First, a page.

I support open source and free software and I use quite a lot of such software. However, this does not make me anti-capitalist and hate everything proprietary. If it weren’t for the capitalist businesses, the world would not have been as industrialized as it is today. Even though the recent credit crisis which plagued (and perhaps still plaguing) the world was primarily caused by capitalist business (private banks), history has shown that governments cannot run businesses efficiently. Yet, the knives are always out for some capitalist businesses. The rulings passed by the European Commission (EC) of the European Union (EU) against the capitalist powerhouse Microsoft seem to have been made on hatred for Microsoft and everything proprietary. 

Well, I’m far from being a fan of Microsoft. Yet, I cannot deny that Microsoft has introduced the world of computing to many millions of people, primarily with their desktop Operating Systems. Microsoft may not be a technology pioneer, but it has certainly been excellent at doing business and dominating the world software market with its products.

Here are the key rulings passed against Microsoft by the EC:

  • March 2004: Microsoft penalised with a $613 million fine, 120 days to divulge some Windows code to enable other vendor products be interoperable with Windows and 90 days to offer a Windows Operating System without Windows Media Player.
  • July 2006: Microsoft fined $357 million for failing to comply with the anti-competition ruling made against in in March 2004 (mentioned above).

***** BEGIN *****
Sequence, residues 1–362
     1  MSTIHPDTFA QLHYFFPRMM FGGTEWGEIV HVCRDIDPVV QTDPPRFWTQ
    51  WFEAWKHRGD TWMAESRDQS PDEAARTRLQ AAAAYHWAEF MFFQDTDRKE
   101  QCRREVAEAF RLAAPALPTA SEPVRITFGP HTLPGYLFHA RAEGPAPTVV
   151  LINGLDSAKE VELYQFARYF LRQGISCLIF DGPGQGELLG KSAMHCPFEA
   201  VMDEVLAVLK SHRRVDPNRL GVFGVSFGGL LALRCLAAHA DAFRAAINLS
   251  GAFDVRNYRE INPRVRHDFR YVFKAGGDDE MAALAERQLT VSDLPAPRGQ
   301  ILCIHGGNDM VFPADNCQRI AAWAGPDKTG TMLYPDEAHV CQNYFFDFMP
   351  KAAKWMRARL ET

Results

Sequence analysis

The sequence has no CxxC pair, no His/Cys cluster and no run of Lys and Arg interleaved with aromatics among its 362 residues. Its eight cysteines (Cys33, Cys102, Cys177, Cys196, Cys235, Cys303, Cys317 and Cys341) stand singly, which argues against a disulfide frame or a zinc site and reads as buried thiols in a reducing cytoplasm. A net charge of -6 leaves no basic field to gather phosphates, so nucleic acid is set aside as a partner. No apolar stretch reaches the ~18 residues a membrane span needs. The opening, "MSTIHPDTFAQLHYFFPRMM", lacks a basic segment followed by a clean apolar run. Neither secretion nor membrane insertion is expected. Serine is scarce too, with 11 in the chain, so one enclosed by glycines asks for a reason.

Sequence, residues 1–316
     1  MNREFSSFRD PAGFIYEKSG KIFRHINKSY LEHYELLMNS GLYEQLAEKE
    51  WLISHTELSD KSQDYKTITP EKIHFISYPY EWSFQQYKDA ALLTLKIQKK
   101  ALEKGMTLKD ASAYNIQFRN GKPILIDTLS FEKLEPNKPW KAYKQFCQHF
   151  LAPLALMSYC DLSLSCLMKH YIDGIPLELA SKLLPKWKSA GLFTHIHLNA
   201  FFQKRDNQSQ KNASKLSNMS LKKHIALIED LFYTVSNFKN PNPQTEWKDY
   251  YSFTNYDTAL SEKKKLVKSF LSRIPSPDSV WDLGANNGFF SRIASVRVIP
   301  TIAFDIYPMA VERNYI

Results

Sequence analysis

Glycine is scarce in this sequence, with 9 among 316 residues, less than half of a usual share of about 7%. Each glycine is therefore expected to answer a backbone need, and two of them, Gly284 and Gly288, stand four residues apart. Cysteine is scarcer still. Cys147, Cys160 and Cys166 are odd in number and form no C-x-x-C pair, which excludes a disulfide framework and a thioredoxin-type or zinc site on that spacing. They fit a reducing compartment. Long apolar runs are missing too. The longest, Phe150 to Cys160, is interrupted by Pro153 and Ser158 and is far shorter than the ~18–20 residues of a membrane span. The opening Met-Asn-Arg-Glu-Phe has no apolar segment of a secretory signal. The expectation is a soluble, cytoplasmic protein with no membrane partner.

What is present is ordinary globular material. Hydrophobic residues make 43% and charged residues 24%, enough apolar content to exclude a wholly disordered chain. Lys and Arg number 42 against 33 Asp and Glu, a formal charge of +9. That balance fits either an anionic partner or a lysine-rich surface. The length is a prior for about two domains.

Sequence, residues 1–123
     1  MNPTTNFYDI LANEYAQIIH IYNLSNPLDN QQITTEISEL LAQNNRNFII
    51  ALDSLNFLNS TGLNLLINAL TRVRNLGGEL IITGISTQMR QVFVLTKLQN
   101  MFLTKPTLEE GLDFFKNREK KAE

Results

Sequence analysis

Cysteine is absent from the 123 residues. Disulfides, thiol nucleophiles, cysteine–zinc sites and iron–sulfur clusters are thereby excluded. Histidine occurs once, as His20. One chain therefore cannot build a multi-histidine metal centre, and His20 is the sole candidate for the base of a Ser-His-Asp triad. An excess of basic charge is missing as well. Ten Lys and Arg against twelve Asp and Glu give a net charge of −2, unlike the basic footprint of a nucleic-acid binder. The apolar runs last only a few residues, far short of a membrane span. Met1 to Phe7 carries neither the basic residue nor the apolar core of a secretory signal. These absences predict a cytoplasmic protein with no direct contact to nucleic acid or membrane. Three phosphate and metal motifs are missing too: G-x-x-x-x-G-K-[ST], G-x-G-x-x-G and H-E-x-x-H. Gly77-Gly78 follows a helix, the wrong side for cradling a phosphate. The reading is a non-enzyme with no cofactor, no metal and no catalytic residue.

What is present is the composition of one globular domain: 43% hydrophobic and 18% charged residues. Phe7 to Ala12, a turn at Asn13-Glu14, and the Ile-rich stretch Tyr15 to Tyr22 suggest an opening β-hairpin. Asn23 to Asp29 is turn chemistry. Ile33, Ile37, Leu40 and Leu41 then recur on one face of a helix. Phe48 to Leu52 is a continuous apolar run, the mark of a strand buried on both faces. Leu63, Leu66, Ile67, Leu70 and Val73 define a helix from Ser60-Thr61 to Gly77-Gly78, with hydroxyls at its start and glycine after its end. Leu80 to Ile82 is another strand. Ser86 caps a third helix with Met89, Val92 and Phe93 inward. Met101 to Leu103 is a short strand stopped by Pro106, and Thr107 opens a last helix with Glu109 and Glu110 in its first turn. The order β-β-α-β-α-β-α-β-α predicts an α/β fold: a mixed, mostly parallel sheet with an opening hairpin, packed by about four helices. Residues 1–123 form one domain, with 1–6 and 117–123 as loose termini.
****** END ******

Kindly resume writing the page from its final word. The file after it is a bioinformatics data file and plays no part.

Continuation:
• February 2008: Microsoft fined £1.35 billion for failing to comply with the anti-competition ruling of March 2004

 

In addition to the above rulings, the EC also announced:

  • May 2008: EC was going to investigate Microsoft Office’s OpenDocument Format Support
  • January 2009: EC was going to investigate Microsoft’s bundling of IE with its Windows Operating Systems.

 

Unsurprisingly, companies that goaded the EC to push Microsoft to one corner are Microsoft’s competitors – Novell, Sun Microsystems, Opera, Mozilla and Google. Well, I am surprised that Google became involved as I thought it usually just lets its products speak for themselves.

Well, I believe that the EC’s rulings against Microsoft and other investigations are unfair. Microsoft has every right to keep its own code proprietary and why should Microsoft pay the price of being so successful and dominant in the software market? Why can’t Microsoft’s competitors develop better products and market them better to remove Microsoft’s dominance? Yes, Microsoft has the great advantage of using its Operating System to enable its other products reach the masses. So what? Why can’t other companies develop better Operating Systems and bundle them with better products? I do appreciate the requirement to release code to enable other vendors make their products interoperable with Windows (that’s the only part of the ruling I agree with), but requiring Microsoft to strip down its OS and remove products like Windows Media Player and IE is simply ludicrous.

The EC’s ruling, in effect, stipulates an upper limit for a successful software business. If you’re doing great and nobody else can do better, you got to slow down to allow others to catch up.

Why isn’t the EC bothered about the following?:

  • Apple bundling the Safari browser with the Mac OS X
  • Google striking a deal with Sony to ship all Sony PCs/laptops with the Chrome browser

Perhaps, the EC believes that Microsoft enjoyed its success for too long and now while Microsoft is being punished for moving too fast towards world domination, other companies should be allowed to catch up!! And which browser do you think Google will bundle along with its Chrome OS due to be released next year? The EC’s ruling against Microsoft has set a bad precedent.

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